And sure enough that’s what happens next. A spokesman for the Chinese foreign ministry suggests the virus originated in the US. This same message is spread on Chinese social media where it is seen tens of millions of times:

On the same day, CNN’s Jim Acosta questions Trump’s reference to a “foreign virus” and says the remark sounds “xenophobic.” Chinese outlets also begin complaining (in English) that calling the virus “Chinese” is racist. The U.S. media echoes these complaints, in most cases failing to mention that China has been attempting to blame the virus on U.S. soldiers:

March 14

Trump is racist for criticizing Chinese government, CCP outlet says. English-language CCP outlet says Trump’s criticism is racist, accuses the US of not being “transparent” about its response to the virus, and praises Chinese Foreign Ministry spokesman for accusing the US military of originating the virus.


March 17

Foreign Ministry says China is being ‘stigmatized.’Foreign Ministry spokesman Geng Shuang says that the term “Chinese Virus” is unacceptable: “Recently, some U.S. politicians linked the novel coronavirus to China. This stigmatizes China. We are strongly indignant about it and firmly object to it. … We urge the United States to fix its mistakes immediately and stop the groundless blaming against China immediately.”


March 18

ABC News & other journalists object to Trump naming the virus by its origin. At a White House press conference, Cecilia Vega of ABC News hints that President Trump is racist by using the term “China Virus.” She asks Trump why he uses the term.

  • “Because it comes from China,” Trump replies. “It’s not racist at all. No, not at all. It comes from China, that’s why. It comes from China. I want to be accurate.”
  • PBS White House correspondent Yamiche Alcindor questions Trump’s use of attributing the virus’ origin to China.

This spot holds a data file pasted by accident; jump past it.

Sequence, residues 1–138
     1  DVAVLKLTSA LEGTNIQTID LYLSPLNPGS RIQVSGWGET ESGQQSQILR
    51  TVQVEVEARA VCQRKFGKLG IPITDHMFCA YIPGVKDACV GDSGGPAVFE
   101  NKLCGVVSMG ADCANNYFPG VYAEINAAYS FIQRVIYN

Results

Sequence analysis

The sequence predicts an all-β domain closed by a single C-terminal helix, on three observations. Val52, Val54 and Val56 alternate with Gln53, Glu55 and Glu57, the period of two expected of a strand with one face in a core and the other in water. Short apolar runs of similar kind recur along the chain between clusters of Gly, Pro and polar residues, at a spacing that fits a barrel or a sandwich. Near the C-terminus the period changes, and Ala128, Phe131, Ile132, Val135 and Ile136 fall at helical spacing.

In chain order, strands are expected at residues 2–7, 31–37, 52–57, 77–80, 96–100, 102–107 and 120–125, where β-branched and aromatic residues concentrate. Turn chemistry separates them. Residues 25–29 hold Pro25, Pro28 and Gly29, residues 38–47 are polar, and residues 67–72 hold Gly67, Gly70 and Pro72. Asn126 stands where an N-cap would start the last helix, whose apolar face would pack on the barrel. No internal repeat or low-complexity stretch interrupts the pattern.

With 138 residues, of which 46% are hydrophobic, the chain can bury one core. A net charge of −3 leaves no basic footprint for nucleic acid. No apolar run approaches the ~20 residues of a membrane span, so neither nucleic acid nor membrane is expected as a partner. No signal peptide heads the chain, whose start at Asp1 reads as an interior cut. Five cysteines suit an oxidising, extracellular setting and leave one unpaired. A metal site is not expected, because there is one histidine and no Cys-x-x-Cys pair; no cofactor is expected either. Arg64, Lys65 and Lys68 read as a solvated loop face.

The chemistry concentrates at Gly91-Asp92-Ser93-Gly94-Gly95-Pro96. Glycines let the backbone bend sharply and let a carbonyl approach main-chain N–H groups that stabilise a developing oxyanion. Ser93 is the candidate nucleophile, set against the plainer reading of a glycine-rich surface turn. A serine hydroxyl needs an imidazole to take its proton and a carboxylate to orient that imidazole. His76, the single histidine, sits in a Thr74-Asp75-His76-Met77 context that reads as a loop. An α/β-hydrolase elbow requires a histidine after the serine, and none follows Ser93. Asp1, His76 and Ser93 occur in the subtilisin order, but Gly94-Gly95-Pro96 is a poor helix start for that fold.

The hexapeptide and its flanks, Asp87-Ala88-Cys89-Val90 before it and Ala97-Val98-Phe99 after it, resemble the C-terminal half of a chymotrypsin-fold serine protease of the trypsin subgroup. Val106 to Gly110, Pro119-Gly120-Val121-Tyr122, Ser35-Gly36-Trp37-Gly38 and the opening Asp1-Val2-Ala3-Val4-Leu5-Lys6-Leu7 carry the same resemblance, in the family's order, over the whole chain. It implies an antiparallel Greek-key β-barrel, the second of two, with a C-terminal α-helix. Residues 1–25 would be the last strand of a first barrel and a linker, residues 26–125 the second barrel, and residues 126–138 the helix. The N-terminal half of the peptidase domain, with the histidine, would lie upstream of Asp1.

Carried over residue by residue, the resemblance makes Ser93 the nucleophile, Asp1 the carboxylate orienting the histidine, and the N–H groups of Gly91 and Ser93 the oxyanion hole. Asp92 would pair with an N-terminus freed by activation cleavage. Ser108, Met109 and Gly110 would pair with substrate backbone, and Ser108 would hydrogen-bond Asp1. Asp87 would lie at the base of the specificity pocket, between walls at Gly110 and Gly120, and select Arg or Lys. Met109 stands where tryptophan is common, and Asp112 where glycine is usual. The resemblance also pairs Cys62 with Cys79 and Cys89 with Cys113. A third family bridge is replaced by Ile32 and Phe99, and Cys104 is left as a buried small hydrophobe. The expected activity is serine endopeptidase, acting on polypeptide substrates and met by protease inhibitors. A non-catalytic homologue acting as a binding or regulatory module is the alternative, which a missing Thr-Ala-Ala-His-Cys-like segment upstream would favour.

• CNN says “China Virus” label is propaganda. CNN White House correspondent Jeremy Diamond rips a fellow White House reporter for calling out journalists who agree with the president’s use of “China Virus.” CNN calls the reporter “a propagandist from a conservative outlet.”
  • CNN “opinion” headline: “Trump’s malicious use of ‘Chinese Virus.”
  • Associated Press headline: “Trump dubs COVID-19 ‘Chinese Virus’ despite hate crime risks.”


March 19

Accusations: Trump is an angry racist who’s ‘wantonly escalating conflicts with China.’ “US President Donald Trump has been repeatedly and deliberately using the term ‘Chinese Virus,’ which is considered racist,” the CCP’s Global Times says. “This shows that trump and his team are panicking and misbehaving. They have not found any good way to take the pandemic and the market sentiment under control. As a result, they wantonly escalated conflicts with China, trying to escape Americans’ questions over their incompetence, making China a target of their anger.”

CNN’s Jim Acosta stays on the case:

And the CCP propaganda campaign continues to capitalize on U.S. media figures:

March 21

CCP organs urges people to echo Paul Krugman’s ‘Trump pandemic’ in New York Times. Becoming more militant in tone, CCP organs are now accusing President Trump personally of being responsible for the virus. Global Times urges CCP followers to use the term “Trump Pandemic,” which it credits to Paul Krugman’s column in the March 19 New York Times.


March 25

CNN’s Chris Cuomo attacks Trump, says virus ‘could have come from anywhere.’ CNN host Chris Cuomo excoriates President Trump for saying “China Virus” and repeats the line that the virus might not have originated in China. He says on his evening show, “it could have come from anywhere.”

The virus couldn’t have come from anywhere and in fact didn’t start just anywhere. Just like the SARS virus before it, it leaped from a non-human source to humans at a Chinese wet market, in this case a market in Wuhan, China.

You have to admit it’s an impressive performance by the Chinese Communist Party. They covered up the virus for nearly two months then, implausibly, began claiming the source of the virus was a mystery and later that it was the United States. Despite this terrible opening hand they have essentially battled this to a public stalemate. Trump has stopped referring to the “Chinese virus” even as China continues to spread the idea it originated in the U.S.